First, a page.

“Welcome to our ward” reads the sign above the Finborough Theatre door, in an instantly recognisable NHS white and blue sans serif font. This pithy welcome works in tandem with an almost immersive set design, the small stage transformed into a two bed ward: with blancmange pink walls and a grotesque lino disturbingly flesh-like in tone, it is perfectly, swoon-inducingly medical. Initially the set is screened from the audience by green concertina curtains, which pull back to reveal an exquisitely designed set, complete with hand sanitiser on the walls, oxygen tubes and hilariously “soothing” pictures of abstract, yonic flowers. We are in the gynaecologic oncology unit after all, although it seems a shame that the set is the only aspect of this play that interacts with this specificity: jokes are made, fear is felt, death occurs, but we could be in any cancer unit. Something is lost in the writing here, and although it isn’t the job of any artist to engage with all world issues in one fell swoop it seems odd for a female playwright to set a play in the gynaecologic oncology unit and to barely once refer to this in the text, to not examine the specificity, the hilarity and horror of these particular illnesses in this particular setting.
What is examined is the curious nature of human relationships, with a bit of a tendency towards romcom cliché: hopeless, older dude going through a divorce because his wife has “become” a lesbian; rookie comedy writer who presents a tough cookie exterior to the world but who is actually psychologically wrecked because of her upbringing by her bitchy, New York mom who wisecracks at her daughter’s expense, hiding a wealth of suffering beneath jokes and savage take-downs, secretly longing for a connection and validation in her life. Having said this, the actors work hard and do create moments of real connection, relaxing into the performance in some lovely, natural moments. Rob Crouch as Don (hopeless, older dude) is particularly good when he isn’t trying too hard, and Cariad Lloyd creates a sense of authenticity as the neurotic, narcissistic Karla (rookie comedy writer) – particularly enjoyable is her monologue about the “Funny Thing” that happened. Carla’s mom Marcie, played by Kristin Milward, is the real star of this peculiar show, burning with a bitterness and savagery as she slumps on her pillows, complaining about the fit of her nasal-catheter in no uncertain terms. She is the spirit animal of New York City, hard-nosed and hilarious. The scene between herself and Cara Chase as Geena, Don’s mother, is exquisitely played, with Chase delivering some of the funniest lines of the entire show with classy understatement. There are also some very touching moments, particularly in the final scenes between Karla and Marcie, with some really beautiful work done by Crouch, narrating the trials and joys of child-rearing in an exceptionally touching monologue.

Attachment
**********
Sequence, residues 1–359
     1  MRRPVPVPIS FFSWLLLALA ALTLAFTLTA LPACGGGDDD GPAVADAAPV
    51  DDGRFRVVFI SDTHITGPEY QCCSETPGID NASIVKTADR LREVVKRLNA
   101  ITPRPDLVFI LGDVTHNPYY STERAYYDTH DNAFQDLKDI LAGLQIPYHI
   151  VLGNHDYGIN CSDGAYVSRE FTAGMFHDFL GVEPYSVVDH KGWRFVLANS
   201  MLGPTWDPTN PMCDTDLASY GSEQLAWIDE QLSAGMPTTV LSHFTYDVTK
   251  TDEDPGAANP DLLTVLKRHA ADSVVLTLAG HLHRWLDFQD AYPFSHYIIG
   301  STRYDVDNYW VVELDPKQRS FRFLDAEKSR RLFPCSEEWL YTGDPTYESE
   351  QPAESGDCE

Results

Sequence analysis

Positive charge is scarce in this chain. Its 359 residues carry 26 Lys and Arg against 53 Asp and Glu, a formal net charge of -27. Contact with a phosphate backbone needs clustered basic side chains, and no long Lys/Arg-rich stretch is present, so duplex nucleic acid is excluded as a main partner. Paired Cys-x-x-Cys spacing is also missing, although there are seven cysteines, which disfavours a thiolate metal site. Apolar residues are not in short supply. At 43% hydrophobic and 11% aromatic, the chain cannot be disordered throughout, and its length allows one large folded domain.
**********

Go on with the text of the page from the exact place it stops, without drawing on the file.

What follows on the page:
Less touching was the bizarre, almost improvised-seeming love-scene between Karla and Don: it’s funny, and the script is great, with Karla narrating her psychologically destructive approach to relationships whilst being giving oral by Don in the unisex bathroom of their mothers’ ward. What was less funny was the kissing that preceded this scene: a choreography of deeply unsexy flat-lipped jabbing masquerading as steamy making-out. The impression was that the actors are either loath to make more physical contact than entirely necessary (in which case the scene ought to have been re-directed) or that the scene had not been directed sufficiently in the first instance, with the actors rather left to their own devices. Neither of these scenarios are particularly forgivable, with the director rather than the actors being culpable for the intense, un-erotic awkwardness of this scene. Just as with stage combat, intimacy direction and choreography is key, with bad work not only putting the actors in danger of some description but also breaking the concentrated engagement of the audience.
This seems to rather summarise this production, and this play: fantastic source material somehow underused. There are some touching moments and some cracking lines, but the only consistent excellence is provided by the set. This is a production of a play that doesn’t quite live up to the expectation generated by it’s bold and frankly glorious title.